Curren Environmental Blog

How long does an Oil Tank Last?

Posted by David C Sulock on Mar 6, 2018 4:01:00 AM

What is the life expectancy of an oil tank?

How long does an oil tank last?  When do you replace an oil tank.  These are popular oil tank questions.  All things have a finite life expectancy. Both aboveground storage tanks (ASTs) and underground storage tanks (USTs) have a usable life. The problem is your tank can fail (holes appear) and you may never notice.  An industry average for the life span of an oil tank is 20 years, some tanks last longer and some shorter.  This time frame is greatly dependent on the type of oil tank, construction of the tank (meaning thicker walled tanks generally can last longer). environment the tank is in (indoor - outdoor),  and the contents of the tank.  Harsher environments tend to shorten the lifespan of pretty much anything, including steel tanks. 

 
my oil tank leaked pic2.jpg

 

When I ask people how long they think a tank is supposed to last I typically get silence or "I don’t know".   Then, I tell them thank you for not saying "Tanks last FOREVER".   A simple rule of replacement is if the roof has been replaced, so should the tank.    This is for all the people who are using a tank TODAY and if your house was built between 1950 and 1995, your tank is beyond any reasonable expectation of usable life and should be replaced.  No there is not a likely possibility that the original tank from the day your house was constructed has been replaced.  The saying 'if it isn’t broken don’t fix it' is unfortunately followed when it comes to oil tanks.   Simply put, if people replaced tanks within a reasonable amount of time, you wouldn’t have tank leaks and expensive environmental cleanups.

How do oil tanks leak?  Many oil tanks rust through from the inside out.  This most often occurs when the oil is not present, meaning upper portion of the tank where the tank is empty and the oil is not present to lubricate the steel.  Tanks can also leak due to the use of low sulfur fuel.  Heating oil tanks that have low sulfur fuel and water can allow microbial growth to occur.  Secretions from these microbes can produce acids that can corrode a steel tank.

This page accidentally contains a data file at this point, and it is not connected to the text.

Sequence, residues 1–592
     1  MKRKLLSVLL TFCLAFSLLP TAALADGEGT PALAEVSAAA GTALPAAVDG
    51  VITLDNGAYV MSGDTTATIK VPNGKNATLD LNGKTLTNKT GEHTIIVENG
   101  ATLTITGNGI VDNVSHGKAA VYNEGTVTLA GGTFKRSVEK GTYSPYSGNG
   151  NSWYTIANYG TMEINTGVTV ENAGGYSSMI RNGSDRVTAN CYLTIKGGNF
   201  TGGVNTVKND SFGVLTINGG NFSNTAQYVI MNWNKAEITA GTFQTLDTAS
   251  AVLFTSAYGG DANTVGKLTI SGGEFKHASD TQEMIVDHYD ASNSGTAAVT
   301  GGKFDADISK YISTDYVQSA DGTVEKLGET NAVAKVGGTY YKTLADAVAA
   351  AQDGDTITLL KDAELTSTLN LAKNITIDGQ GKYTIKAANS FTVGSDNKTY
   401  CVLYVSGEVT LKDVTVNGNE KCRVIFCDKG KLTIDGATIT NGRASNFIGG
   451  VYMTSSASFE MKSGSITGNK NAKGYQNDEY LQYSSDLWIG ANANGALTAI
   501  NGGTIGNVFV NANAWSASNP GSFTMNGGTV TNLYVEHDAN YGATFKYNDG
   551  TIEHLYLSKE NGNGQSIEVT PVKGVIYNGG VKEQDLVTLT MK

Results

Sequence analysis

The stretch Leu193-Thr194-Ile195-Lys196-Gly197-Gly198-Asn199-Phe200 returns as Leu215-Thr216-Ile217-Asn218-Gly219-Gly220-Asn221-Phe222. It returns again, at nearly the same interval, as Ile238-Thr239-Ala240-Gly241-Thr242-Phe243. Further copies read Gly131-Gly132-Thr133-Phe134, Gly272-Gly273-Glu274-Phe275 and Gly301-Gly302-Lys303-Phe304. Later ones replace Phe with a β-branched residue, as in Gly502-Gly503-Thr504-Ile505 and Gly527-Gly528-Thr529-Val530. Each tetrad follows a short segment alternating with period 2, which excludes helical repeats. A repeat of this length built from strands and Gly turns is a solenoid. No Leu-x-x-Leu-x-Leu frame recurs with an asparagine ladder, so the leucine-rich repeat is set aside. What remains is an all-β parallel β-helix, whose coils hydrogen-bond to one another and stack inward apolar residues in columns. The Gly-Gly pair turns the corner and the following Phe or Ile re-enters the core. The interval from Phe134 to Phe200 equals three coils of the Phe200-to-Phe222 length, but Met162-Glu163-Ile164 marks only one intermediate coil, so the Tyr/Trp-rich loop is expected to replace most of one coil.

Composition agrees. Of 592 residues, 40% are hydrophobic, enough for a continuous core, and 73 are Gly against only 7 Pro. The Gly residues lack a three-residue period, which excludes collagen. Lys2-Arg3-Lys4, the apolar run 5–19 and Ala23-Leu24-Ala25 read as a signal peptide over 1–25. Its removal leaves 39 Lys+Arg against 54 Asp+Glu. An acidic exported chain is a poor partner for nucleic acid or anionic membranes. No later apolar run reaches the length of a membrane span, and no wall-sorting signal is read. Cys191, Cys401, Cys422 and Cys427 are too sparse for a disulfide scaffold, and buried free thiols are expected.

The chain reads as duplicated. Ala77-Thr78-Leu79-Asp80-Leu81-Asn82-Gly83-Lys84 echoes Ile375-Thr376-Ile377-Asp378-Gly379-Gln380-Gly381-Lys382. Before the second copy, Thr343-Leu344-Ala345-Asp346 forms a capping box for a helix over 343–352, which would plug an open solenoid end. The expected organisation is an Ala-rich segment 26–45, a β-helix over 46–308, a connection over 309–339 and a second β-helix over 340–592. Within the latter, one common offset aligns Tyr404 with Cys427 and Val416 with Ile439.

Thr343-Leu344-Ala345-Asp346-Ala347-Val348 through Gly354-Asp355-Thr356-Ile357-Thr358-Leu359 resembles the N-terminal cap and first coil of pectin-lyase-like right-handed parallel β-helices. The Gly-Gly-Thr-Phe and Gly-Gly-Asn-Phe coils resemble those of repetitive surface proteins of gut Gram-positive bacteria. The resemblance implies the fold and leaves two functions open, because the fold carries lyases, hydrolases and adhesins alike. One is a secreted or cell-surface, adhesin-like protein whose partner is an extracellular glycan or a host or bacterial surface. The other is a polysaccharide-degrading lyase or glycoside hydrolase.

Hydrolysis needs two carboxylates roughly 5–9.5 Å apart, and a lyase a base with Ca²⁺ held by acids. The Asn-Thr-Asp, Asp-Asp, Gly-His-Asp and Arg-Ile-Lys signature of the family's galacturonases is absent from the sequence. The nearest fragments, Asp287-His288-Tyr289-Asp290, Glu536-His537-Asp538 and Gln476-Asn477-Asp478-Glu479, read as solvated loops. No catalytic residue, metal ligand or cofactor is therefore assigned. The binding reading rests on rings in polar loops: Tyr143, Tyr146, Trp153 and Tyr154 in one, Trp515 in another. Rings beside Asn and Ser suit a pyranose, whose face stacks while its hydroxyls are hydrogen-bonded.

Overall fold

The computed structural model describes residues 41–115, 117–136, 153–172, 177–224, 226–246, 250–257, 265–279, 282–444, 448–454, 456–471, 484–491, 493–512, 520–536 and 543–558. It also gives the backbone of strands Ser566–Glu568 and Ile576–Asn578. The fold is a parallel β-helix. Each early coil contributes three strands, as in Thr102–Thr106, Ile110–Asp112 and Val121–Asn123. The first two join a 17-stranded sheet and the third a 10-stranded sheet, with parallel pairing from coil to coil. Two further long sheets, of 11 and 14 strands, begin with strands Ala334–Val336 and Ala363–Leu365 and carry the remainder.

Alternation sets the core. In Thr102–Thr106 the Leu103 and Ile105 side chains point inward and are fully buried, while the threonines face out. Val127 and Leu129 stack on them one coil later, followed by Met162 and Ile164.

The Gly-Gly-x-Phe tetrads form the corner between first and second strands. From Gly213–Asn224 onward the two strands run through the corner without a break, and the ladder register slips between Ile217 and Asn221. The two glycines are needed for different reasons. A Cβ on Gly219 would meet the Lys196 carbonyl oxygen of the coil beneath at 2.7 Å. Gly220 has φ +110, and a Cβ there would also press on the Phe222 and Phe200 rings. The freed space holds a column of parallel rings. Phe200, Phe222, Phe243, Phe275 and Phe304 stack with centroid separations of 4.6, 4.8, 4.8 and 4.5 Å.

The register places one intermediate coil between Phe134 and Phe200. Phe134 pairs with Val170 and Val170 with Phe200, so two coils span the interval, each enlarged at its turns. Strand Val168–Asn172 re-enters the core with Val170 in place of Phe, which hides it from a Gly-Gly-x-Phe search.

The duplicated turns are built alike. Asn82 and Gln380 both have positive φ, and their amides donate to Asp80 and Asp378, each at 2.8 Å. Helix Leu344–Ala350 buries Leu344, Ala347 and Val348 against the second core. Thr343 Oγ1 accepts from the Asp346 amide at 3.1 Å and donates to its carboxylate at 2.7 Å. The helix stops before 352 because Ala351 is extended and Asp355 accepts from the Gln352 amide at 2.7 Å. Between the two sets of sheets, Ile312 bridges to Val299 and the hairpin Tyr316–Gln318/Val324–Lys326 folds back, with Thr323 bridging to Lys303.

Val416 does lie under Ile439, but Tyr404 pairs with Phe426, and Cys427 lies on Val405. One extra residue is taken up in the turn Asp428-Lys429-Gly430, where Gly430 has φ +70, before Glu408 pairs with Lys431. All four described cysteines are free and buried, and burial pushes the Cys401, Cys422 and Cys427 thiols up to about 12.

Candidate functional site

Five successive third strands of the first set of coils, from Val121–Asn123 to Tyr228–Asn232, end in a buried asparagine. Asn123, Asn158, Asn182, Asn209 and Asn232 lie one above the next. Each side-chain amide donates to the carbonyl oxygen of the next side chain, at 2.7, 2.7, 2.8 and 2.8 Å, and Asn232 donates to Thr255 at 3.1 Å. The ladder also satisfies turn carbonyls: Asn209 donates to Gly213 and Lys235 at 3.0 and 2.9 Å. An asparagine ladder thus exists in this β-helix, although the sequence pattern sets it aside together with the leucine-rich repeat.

Click Here to Learn about Testing Oil Tanks for Leaks

Aside from corrosion inside the tank, an oil tank can deteriorate from the outside due to environmental conditions.   Rust never sleeps and for corrosion to occur you need metal, oxygen and moisture.   How fast a given metal rusts is based on the environment the metal is exposed too. 

 

Holes in Underground Oil Tank

 

Aboveground oil tanks may look fine from a cursory exterior view but in fact, could heavy corroded on the inside and be ready to fail. 

Underground oil tanks are thicker than comparable aboveground tanks due to a more corrosive environment.  In short, an indoor rated AST is thinner than an outdoor rated AST, which is thinner than a buried UST.  Curren has found that there is a wide variation in indoor aboveground and outdoor aboveground oil tank life spans due to the considerable variation in both the quality and thickness of steel (older tanks seem to have been a heavier gauge steel), which helps prolong the life of the tank.

 

Tank Questions? Click Here

We have seen indoor oil tanks in good condition that are 60 years old or older, and we have found failures in newer oil storage tanks that may have been made of thinner or cheaper steel and that did not last as long as the original ones.  The tanks made immediately following WWII are of higher quality, saying things are not made as good as they used to be is a very true statement when it comes to oil tanks.

Rather than guess a tanks oil tank condition, we suggest that if your home has an older aboveground oil storage tank, twenty years old or older, you should replace the tank.  Keep in mind many brand new oil tanks have a 1 year warranty.

What Can Cause an Oil Tank To Leak?

  • Exposure of the oil storage tank to wide temperature swings, especially in cold and humid climates can increase in-tank condensation leading to corrosion
  • Exposure of the tank fill or vent pipes to rain, especially to roof runoff for tanks mounted under the eaves of a home and especially if the oil fill cap is not securely tightened after filling with oil.  
  • External oil tank rust due to exposure to the weather. Many small tanks, 275 to 300 gallon tanks were used for unintended uses.  Meaning many of these size tanks, were never rated for outdoor use, but have been used for outdoor use and some even buried.   You can tell what use a tank is rated for by reading the UL label that is affixed to the top of the tank.  Manufacturers of newer oil storage tanks in this size range often have removed this "indoor use only" wording from the UL label.